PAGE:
“To the Point of Absurdity”: The Failure to Integrate the Inglewood, California Public Schools in the 1960s-1970s

Jennifer Mandel, Mount Washington College

“Growing Pains”: Integration at a Southern Segregation Academy

Monica Blair, University of Georgia

Comment: David Cecelski, Independent Scholar

Educating Black Women for a Variety of Roles in the Early Twentieth Century (Incubator Room)

“You See How Black I Am….Don’t Call me Aunt!”: “Mammies,” “Aunts,” and Domestic Workers in Twentieth Century America

Elizabeth Wilkins, College of Charleston

“A Door of Opportunity” for a Separate Medical Career: The Education of African American Medical Students at the Woman’s Medical College of Pennsylvania, 1920-1925

Vanessa Northington Gamble and Gillian T. Maguire, The George Washington University

Black Women, Education, and Racial Uplift: Re-examining the White Rose Home’s Role in Educating Black Women Migrants in New York City during the New Negro Movement

Natasha Cochran, Clark University

Comment: Cheryl Hicks, University of North Carolina at Charlotte

5:00: Keynote Address (Pleasants Family Assembly Room, Wilson Library)

Martha Biondi, Chair of African American Studies and Professor of African American Studies and History, Northwestern University

Introduced by James Leloudis, Professor of History, Associate Dean for Honors, and Director of the Johnston Center for Undergraduate Excellence, University of North Carolina at Chapel Hill

A catered reception with heavy hors d’oeuvres will follow in the library lobby

 

Saturday, March 1

8:00-8:30: Breakfast

8:30-10:30: Session 4 (Concurrent Panels)

Black Activist-Educators from the New Negro Movement to Civil Rights (University Room)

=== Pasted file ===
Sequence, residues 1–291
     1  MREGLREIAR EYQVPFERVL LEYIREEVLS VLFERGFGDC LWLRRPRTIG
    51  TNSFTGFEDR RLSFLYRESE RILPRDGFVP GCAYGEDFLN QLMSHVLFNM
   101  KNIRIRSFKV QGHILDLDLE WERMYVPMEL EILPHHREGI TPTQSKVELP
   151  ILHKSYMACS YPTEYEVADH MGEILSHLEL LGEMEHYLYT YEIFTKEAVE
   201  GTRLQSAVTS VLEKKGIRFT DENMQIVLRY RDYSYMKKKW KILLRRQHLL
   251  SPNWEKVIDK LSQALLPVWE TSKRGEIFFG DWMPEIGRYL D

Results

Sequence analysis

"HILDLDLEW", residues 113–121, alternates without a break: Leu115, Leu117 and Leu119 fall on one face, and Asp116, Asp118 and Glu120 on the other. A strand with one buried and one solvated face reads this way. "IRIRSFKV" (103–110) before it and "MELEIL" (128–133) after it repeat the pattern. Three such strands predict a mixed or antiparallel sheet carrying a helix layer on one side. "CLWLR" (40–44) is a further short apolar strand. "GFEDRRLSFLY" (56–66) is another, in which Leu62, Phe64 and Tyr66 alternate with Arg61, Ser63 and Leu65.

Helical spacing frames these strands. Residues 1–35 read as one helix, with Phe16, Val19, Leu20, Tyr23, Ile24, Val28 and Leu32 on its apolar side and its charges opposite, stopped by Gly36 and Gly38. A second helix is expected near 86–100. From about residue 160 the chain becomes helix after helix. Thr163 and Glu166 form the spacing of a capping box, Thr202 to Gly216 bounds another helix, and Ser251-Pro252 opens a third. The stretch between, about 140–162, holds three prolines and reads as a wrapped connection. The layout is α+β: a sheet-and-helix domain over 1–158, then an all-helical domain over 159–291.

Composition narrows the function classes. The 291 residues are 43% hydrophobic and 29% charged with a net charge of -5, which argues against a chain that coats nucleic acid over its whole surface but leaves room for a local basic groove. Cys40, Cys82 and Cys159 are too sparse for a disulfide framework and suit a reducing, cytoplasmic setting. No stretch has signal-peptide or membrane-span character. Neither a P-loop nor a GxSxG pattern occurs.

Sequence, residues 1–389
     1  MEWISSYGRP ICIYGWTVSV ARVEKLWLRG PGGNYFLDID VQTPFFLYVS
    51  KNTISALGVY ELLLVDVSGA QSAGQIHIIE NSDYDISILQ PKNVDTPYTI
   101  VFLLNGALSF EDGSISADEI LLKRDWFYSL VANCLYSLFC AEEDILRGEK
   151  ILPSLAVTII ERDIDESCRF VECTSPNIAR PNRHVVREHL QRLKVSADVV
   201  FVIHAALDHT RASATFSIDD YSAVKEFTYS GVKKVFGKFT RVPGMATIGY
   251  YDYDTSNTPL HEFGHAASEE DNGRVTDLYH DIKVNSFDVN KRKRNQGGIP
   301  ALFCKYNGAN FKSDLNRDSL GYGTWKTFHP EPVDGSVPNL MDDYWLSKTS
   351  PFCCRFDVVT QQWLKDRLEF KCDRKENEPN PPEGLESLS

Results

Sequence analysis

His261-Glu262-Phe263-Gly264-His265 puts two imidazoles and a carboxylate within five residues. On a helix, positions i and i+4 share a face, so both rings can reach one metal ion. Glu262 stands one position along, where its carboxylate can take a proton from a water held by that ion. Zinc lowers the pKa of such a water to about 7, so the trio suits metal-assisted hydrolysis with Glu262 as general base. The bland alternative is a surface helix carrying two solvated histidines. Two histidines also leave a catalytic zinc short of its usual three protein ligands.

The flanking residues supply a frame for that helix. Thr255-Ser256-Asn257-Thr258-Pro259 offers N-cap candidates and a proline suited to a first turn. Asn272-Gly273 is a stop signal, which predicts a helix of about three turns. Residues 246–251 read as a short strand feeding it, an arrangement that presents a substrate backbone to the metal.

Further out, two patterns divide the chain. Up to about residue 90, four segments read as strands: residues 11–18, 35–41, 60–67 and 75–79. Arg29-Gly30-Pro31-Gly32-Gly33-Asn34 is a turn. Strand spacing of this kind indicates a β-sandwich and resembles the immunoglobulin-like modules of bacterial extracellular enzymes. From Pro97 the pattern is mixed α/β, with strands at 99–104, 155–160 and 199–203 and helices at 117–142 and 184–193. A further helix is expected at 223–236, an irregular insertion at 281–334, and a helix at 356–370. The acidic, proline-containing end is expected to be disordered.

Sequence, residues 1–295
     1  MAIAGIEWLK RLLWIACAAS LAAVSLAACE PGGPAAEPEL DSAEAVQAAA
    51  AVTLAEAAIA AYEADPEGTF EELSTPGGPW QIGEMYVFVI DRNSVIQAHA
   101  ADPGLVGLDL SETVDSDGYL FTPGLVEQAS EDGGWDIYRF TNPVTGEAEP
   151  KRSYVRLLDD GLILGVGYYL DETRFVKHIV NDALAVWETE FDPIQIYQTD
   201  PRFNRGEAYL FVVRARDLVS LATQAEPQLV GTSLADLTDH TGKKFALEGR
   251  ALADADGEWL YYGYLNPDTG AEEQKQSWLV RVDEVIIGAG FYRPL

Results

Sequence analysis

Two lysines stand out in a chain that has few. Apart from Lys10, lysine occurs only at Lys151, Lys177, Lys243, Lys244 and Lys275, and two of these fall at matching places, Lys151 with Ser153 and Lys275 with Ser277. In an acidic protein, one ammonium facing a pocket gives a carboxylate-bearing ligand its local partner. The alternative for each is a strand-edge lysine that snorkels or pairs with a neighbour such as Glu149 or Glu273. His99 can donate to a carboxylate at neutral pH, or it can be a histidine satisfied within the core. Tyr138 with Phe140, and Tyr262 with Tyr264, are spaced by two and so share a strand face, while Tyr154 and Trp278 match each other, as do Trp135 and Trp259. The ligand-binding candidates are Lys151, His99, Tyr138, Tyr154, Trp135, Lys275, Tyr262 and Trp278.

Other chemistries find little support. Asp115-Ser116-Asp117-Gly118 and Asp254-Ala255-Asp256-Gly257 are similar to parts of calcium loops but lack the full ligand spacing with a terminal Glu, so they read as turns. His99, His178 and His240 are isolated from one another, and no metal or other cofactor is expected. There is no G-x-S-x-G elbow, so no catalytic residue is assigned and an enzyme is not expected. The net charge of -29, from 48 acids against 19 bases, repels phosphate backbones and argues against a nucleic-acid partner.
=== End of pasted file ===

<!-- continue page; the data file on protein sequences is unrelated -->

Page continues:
Tossing Stones at an Ivory Tower: The New Negro Radical Educational Theory and Praxis of Hubert Harrison

Ousmane Power-Greene, Clark University

Continuity, Rupture, and Alternative Visions in Boston’s Struggle for Educational Equality

Daniel McClure, University of Wisconsin-Milwaukee

“It Was Like Putting a Diaper on a Gnat”: Kathleen Crosby, Vilma Leake, Bertha Maxwell-Roddey, Black Women Educators and Desegregation in Charlotte in the 1960s-1990s

Sonya Ramsey, University of North Carolina at Charlotte

Comment: Noelle Morrissette, University of North Carolina at Greensboro

Education for Citizenship in the Pre- and Post-Emancipation South (Incubator Room)

Thinking Resistance: Forging a Free Black Literary Community in Antebellum Charleston

Lindsey Batchman, University of Colorado-Boulder

A Long Hard Struggle: Black Mobilians’ Struggle for Education, Citizenship, and Freedom, 1865-1868

Hilary Green, Elizabeth City State University

A Tripartite Inquiry: African Americans’ Pursuit of Education in Late-Nineteenth Century Memphis and Rural West Tennessee, 1862-1897

Elizabeth Baddour, University of Memphis

Comment: Kabria Baumgartner, The College of Wooster

10:45-12:45: Session 5 (Concurrent Panels)

Public and Digital Histories of African American Schools and Communities (University Room)